We’d begun the final week of our trip and the one remaining item on our agenda is a little paddling for Sam with Jessie Stone’s group of teenagers from the Harlem Boys and Girls club Upward Bound program. I first learned about Jessie through one of Sam’s kayaking magazines. This remarkable woman is a world class playboater and adventure paddler, who also happens to be a physician running a nonprofit organization in Uganda. Her group, SoftPower Health, is helping people thrive in one of the worlds tougher regions. A month before our trip began, I spent a few days with Jessie, her longtime Oregonian friends, Margie and Hayden Glatte, and the kayaking phenom, Emily Jackson, documenting these dynamic teachers as they introduced the kids to kayaking. Now, barely a month later, the entire group, along with their diligent chaperones, Rosanna and Anthony, a.k.a.: Mr. Means, have jetted across the country where they’ll spend the next 5 days paddling through a remote section of Oregon’s pristine Rogue River wilderness. Tonight we’d camp next to the Rogue, just upstream from where we’d meet up with the entourage. We were greeted with yet another celestial delight, but unfortunately this was a public campground and it was filled with the typical grouping of weekend party animals, a stark contrast to the sublime solitude and beauty we’d experienced back in Idaho. Thankfully, we were afforded the luxury of building a roaring fire with which to pass the evening. We turned in early, hoping the evenings crescendo would soon fade away.
The morning sun greeted us with the sights and sounds of our fellow campers still safely tucked away within the confines of their campsites. We made a quick escape, tossing our sleeping bags and tent into the car and left the campground largely unnoticed… NICE!
Our NYC connection was running a bit late, due to a delayed evening flight. Sam found a small rapid worthy of an attempt, but there wasn’t much to it and soon he returned to shore. Soon enough the group arrived. The kids, hampered by jet lag, were lethargic, but seemingly in good spirits. Rosanna and Anthony were as feisty as ever. It was good to see everyone.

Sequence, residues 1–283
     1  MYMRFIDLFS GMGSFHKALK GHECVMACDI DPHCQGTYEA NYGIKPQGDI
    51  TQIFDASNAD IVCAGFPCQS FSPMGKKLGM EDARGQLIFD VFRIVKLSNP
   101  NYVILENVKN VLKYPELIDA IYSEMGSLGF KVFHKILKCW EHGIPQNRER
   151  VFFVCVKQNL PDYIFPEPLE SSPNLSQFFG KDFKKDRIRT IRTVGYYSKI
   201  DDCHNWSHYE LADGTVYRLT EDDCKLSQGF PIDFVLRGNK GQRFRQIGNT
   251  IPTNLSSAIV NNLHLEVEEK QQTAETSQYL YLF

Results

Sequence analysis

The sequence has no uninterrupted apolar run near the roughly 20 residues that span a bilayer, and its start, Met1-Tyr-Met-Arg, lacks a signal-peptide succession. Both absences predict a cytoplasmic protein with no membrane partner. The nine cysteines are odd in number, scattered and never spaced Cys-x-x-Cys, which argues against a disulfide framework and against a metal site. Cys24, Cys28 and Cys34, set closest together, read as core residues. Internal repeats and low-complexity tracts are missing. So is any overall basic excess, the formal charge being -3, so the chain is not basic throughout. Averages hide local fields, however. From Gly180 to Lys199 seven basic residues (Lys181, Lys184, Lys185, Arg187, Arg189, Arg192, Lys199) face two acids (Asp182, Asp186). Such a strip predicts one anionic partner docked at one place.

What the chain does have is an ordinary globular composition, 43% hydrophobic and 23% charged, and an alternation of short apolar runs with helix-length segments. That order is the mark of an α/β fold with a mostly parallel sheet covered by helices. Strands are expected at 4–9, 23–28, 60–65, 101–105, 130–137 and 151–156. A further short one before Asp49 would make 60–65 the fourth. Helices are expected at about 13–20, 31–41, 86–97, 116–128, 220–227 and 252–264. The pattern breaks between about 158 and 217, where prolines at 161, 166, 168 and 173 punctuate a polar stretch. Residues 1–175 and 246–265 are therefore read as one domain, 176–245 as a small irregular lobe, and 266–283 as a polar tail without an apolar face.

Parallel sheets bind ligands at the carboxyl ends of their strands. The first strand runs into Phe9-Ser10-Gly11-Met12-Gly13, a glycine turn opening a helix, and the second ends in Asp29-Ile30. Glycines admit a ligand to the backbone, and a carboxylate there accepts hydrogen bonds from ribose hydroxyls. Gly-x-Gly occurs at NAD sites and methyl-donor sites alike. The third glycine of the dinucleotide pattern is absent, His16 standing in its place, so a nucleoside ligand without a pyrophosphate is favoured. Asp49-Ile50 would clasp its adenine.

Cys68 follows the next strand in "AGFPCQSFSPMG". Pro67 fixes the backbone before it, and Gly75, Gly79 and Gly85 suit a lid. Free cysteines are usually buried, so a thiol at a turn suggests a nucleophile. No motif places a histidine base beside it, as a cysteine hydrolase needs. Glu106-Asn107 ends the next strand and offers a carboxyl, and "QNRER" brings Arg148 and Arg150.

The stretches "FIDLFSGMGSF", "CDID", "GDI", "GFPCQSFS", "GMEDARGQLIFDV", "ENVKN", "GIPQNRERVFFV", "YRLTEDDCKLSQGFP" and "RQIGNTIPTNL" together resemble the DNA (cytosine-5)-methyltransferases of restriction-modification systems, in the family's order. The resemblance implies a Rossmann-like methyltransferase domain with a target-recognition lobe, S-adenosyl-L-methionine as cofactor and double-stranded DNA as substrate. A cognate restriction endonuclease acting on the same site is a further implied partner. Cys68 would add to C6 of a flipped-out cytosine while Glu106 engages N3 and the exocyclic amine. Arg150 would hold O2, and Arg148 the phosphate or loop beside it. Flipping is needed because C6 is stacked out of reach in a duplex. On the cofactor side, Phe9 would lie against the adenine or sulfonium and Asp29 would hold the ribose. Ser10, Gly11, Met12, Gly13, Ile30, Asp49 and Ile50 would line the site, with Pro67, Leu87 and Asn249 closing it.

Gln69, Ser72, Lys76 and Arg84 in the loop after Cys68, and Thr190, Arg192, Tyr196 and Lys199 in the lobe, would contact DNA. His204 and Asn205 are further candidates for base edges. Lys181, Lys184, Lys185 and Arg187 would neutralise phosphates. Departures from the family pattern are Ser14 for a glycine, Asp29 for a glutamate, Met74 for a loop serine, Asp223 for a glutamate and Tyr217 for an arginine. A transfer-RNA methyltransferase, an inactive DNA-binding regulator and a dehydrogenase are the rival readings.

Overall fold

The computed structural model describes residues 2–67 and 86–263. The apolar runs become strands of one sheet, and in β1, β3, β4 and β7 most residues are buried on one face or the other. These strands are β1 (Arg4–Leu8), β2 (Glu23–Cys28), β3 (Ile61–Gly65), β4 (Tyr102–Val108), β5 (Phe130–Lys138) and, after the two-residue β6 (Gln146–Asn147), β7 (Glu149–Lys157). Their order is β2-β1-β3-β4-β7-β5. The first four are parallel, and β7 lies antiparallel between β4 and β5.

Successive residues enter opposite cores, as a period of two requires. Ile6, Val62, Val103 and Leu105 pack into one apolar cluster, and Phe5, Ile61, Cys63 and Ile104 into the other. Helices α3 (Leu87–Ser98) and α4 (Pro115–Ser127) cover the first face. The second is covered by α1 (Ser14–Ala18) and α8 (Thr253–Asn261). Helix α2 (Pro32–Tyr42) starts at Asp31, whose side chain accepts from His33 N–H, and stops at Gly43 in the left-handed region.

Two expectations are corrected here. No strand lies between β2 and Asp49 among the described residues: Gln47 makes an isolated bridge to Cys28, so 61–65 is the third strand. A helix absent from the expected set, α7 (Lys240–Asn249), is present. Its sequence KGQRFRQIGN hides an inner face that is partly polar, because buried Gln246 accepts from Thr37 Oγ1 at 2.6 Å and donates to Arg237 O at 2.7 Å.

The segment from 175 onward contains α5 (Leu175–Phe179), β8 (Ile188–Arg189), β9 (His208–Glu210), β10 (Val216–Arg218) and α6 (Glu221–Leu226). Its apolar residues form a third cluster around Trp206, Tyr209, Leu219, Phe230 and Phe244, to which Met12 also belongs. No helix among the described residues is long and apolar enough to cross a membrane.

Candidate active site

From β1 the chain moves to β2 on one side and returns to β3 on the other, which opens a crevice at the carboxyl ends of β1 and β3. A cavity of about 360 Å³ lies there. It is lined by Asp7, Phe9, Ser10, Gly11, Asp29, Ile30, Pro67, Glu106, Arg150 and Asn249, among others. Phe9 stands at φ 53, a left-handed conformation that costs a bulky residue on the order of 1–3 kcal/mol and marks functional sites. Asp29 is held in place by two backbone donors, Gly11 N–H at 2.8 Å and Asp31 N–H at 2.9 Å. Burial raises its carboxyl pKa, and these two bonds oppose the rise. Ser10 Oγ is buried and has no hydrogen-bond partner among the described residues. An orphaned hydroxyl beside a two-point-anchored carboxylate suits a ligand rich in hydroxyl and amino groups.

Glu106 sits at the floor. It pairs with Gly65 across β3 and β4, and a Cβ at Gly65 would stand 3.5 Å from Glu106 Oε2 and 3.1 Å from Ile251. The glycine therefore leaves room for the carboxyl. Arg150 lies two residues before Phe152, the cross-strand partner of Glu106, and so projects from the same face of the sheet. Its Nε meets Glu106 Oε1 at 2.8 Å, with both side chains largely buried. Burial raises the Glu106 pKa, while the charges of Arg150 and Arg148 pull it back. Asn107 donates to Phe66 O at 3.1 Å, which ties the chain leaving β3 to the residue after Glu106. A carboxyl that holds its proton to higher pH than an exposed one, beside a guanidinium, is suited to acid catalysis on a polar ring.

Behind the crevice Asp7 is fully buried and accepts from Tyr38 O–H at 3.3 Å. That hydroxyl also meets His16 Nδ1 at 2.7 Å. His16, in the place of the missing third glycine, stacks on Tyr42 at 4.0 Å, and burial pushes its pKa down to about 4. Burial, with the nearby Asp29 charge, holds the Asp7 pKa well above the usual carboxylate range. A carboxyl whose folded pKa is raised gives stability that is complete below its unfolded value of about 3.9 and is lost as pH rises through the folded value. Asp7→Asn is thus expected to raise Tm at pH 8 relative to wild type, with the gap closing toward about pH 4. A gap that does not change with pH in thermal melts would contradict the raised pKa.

Sam’s welcomed by his newly acquainted peers with smiles and a few questions about his paddling ability. After a short orientation speech concerning various personal responsibilities and dangers of the wilderness area – the rafts, duckies and kayaks were launched. At long last the group began its quest of the Rogue.
I drove the river road, stopping for the occasional picture. A steady stream of laughter echoed throughout the gorge. It was a warm, sun drenched day, reenergizing the spirit. Much too soon, the flotilla of boats reached its designated lunch rendezvous spot. We exchanged goodbye’s, packed Sam’s gear, and began our mad dash East for the first day of high school. Over the next few hours, Sam occasionally lamented his wish to have continued along downstream with his new friends on yet another unique river adventure. His face was full of smiles.
The remainder of the day was spent traversing northeastern Oregon as we headed towards Montana via Spokane, Washington. With the exception of a brief visit to Crater Lake, it is a forgettable route. I think about the lavish views that have spoiled us. Truly, we’ve been lucky. We drove well into early morning, making good time into southwestern Washington, finally stopping for a few hours of rest before resuming our sprint eastward. It was 9am as I turned north on I-82, a long haul to Bozeman laid ahead. For the first time since leaving Kansas, the thermometer drew our attention. Still, we resisted the temptation of switching on the AC, opting for a dose of dry western air whipping through the car – it seemed comfortable enough.